French get fair dinkum
At last, Peugeot furnishes a genuine alternative to the usual suspects
EUROPEAN small cars— once quirky, expensive or fragile— are finding favour.
Unprecedented pricing, improved quality and generous features are putting chic badges in driveways at the expense of the usual Asian players.
As Peugeot showed this week with the launch of its 208 small hatch at $18,490 and Volkswagen with its sub
$14,000 Up, the Euros are hitting hard on the back of a strong Aussie dollar that makes imported cars very affordable.
Though not the cheapest in the light-car class, the 208 starts at $18,490 for the peppy 1.2-litre Active five-door manual. An auto is $1500 more. Pay from $21,990 for the 1.6-litre Allure five-door manual.
Then step up in equipment and performance to the son-of-GTI, the Allure Sport (threedoor only) at $26,490, which includes panoramic roof, mood lighting and weeny steering wheel. The top-line Allure Premium is also $26,490.
Cabin design is pretty much standard across the range— including 7-inch touchscreen — as is five-star safety, making the base Active very good value.
Capped price service— at $270 for each annual service — ices the French pastry.
Though an all-new model, there’s a lot of the outgoing 207 in the 208’s profile and skeleton. The newbie is shorter and significantly lighter but it’s much roomier. It’s also better built.
Some design language is interesting— the claw marks that stripe the LED tail-lights cutely reference Peugeot’s lion logo. Stretched headlights include LED running lights in some models. The grille is slatted or honeycombed, depending on the model, and keen-eyed Pug-ophiles note that the three and five-door 208 models have no common body panels.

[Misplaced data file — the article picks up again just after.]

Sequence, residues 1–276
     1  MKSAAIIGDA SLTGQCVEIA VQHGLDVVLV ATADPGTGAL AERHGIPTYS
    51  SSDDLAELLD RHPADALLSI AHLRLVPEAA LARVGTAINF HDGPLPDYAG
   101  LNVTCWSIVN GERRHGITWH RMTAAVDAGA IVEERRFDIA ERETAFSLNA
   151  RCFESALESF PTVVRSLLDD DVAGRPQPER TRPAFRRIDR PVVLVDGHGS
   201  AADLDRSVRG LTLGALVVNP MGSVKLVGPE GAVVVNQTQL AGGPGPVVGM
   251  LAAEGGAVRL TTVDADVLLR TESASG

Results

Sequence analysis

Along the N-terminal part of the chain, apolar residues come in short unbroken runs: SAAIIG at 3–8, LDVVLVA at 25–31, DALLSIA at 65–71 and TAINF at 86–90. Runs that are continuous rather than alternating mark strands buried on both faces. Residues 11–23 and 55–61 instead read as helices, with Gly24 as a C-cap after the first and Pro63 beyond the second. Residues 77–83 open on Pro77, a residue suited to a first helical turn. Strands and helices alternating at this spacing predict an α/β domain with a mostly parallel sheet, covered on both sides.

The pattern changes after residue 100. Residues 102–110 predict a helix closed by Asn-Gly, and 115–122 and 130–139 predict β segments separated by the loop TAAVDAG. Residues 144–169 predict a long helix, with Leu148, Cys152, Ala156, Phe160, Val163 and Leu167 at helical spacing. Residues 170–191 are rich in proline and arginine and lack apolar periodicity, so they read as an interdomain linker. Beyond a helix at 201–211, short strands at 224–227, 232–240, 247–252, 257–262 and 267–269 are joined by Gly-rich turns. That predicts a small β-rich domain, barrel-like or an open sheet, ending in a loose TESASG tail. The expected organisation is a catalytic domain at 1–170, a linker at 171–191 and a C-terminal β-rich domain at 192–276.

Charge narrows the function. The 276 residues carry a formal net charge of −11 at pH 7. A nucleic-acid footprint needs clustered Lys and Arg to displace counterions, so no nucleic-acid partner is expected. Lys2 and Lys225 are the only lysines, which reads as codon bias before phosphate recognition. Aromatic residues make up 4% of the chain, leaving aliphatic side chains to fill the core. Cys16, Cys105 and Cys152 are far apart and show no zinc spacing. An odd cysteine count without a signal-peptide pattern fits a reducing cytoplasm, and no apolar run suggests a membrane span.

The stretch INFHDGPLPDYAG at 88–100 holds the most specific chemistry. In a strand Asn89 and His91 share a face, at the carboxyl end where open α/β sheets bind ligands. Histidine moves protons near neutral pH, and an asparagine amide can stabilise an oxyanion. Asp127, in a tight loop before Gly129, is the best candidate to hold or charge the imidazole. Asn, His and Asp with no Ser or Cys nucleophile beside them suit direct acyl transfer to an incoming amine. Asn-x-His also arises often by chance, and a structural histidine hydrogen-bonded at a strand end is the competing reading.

Steel wheels (15-inch) identify the lower-spec version — and look closely for the rear drum brakes— while alloys of 16 and 17 inches fit the upperspec models, leaving the 18s to next year’s GTi.
Inside is even better. The small-diameter steering wheel (flat-bottomed on the Allure Sport) is under the driver’s eyelevel view of the slim instrument binnacle that sits on top of the dashboard.
Unusual, yet makes it easy for the driver to flick between the gauges and the road ahead. The intuitive touchscreen is a beauty, working like an iPad, but Peugeot has yet to confirm it will take satnav.
Cabin room is damn good for a car less than 4m long. I’m 177cm and had plenty of legroom in the rear of the three and five-door. Only the threedoor’s sloping roofline touched my greying locks.
The three-cylinder 1.2-litre petrol engine overshadows Peugeot’s delightful 1.6-litre turbo petrol— the one it also sells to BMW/Mini— for its willing performance, scant thirst and surprising smoothness.
There are five and six- speed manual transmissions and four and five-speed autos — the latter a manual with an electrically operated clutch and only fitted to the 1.2. No autos were on hand for the 208’s launch, so we’ll catch them later.
Electric steering, conventional yet precisely made suspension, four-wheel disc brakes (except the 1.2) and a very taut body are features.